Even John Paul II’s declaration that the Church cannot ordain women was quickly clarified as not being an exercise of ex cathedra infallibility, but merely a restatement of what the Church has always believed and taught (and therefore irreformable not by the Pope’s personal charism of infallibility, but by the infallibility of the ordinary magisterium).
Doctrinal *ex cathedra *definitions are not that “rare”, although this has been a common fallacy. Papal dogmas (such as on the Assumption) are “rare”.
Pastor Aeternus has the dogma of Vatican I on papal infallibility: ewtn.com/library/COUNCILS/V1.HTM#6
“On the infallible teaching authority of the Roman pontiff
….when the Roman Pontiff speaks EX CATHEDRA, that is, when, in the exercise of his office as shepherd and teacher of all Christians, in virtue of his supreme apostolic authority, he defines a doctrine concerning faith or morals to be held by the whole Church, he possesses, by the divine assistance promised to him in blessed Peter, that infallibility which the divine Redeemer willed his Church to enjoy in defining doctrine concerning faith or morals. Therefore, such definitions of the Roman Pontiff are of themselves, and not by the consent of the Church, irreformable.” [My emphasis].
So the Pope’s ‘ex cathedra’ definitions may be either of revealed dogma, to be believed with divine faith, or of other truths necessary for guarding and expounding revealed truth. Vatican Council II and the post-conciliar Magisterium have explicitly affirmed that both ecclesial and papal infallibility extend to the secondary doctrinal truths necessary for guarding and expounding revelation. Thus Humanae Vitae (Encyclical) and Ordinatio Sacerdotalis (Apostolic Epistle) contain infallible doctrinal definitions, to remove all doubt.
In fact, the 1983 revision of Canon Law had replaced in #749.3 “dogmatically declared or defined” with “infallibly defined”, thus NOT expressing a limitation of infallibility to dogmas. ATF better enables Canon Law to apply to the understanding of infallibility with the Profession of Faith covering the two categories of infallible doctrine.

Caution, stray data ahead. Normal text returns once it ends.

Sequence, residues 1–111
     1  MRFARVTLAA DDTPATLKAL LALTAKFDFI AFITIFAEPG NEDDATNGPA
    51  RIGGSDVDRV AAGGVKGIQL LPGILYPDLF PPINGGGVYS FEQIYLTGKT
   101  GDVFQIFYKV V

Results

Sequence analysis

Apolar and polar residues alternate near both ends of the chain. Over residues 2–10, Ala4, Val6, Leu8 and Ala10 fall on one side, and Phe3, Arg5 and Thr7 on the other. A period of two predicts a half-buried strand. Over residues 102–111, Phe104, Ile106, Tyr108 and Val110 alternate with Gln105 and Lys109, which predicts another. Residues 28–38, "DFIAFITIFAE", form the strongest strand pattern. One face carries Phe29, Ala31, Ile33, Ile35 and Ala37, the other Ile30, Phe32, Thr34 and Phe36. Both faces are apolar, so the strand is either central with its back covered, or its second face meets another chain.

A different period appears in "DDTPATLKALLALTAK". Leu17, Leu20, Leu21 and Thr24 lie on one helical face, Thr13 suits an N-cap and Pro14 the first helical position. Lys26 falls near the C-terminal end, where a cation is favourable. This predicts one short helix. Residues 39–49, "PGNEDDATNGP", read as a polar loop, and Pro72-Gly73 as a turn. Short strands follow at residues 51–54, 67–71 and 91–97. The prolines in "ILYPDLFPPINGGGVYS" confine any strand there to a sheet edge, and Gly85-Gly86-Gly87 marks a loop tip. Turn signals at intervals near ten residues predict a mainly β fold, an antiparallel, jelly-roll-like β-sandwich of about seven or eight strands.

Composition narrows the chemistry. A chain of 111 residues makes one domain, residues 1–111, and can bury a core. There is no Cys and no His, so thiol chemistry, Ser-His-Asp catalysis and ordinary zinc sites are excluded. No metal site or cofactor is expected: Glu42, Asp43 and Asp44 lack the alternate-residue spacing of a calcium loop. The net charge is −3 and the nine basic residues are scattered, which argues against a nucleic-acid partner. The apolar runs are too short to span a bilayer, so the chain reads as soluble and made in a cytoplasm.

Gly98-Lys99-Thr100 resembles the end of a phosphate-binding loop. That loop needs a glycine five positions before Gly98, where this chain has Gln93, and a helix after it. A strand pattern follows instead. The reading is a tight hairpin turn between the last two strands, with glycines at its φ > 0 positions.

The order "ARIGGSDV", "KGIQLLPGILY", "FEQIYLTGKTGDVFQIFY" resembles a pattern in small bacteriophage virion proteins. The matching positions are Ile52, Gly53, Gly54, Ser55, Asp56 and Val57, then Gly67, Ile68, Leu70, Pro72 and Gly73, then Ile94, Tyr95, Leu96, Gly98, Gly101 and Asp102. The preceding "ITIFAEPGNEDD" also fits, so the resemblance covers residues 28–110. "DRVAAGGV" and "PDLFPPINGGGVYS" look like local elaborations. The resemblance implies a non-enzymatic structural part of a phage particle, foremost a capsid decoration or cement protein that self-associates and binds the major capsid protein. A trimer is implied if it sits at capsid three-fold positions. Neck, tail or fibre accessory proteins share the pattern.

The meaning of the word ‘define’ was explained to the Fathers of Vatican I, before they promulgated the dogma of papal infallibility, as follows: “the pope is said to ‘define’ a doctrine when he passes judgment directly and finally, ‘in such a way that each and every Catholic can be certain as to the mind of the Apostolic See and of the Roman Pontiff.’ ”
The Pope’s own words in Ordinatio Sacerdotalis: definitive tenendum, mean precisely “requiring to be held definitively.”
Closely following Bishop Gasser’s explanation, Vatican II shows that it considers the words “define” and “proclaim” to be equivalent by using the word “definition” when it states: “Therefore his definitions are rightly called irreformable, etc.” [Lumen Gentium, 25].
“In the final analysis, therefore, the reason the Church has always rejected female service in the sanctuary is that such service is very closely related, both symbolically and often causally, to the ministerial priesthood itself. And this can never possibly be conferred upon women, as John Paul II declared on the Feast of Pentecost last year in what is clearly an infallible, ex cathedra definition. 10
“10. It stops short, however, of being a solemn dogmatic definition on a par with those of the Immaculate Conception and Assumption, which are defined as truths of faith, binding on pain of heresy. Cf. the present writer’s article, “Cardinal Ratzinger on Ordinatio Sacerdotalis,” *The Priest *(Journal of the Australian Confraternity of Catholic Clergy), Spring 1994 / Summer 1995, pp. 5-6.”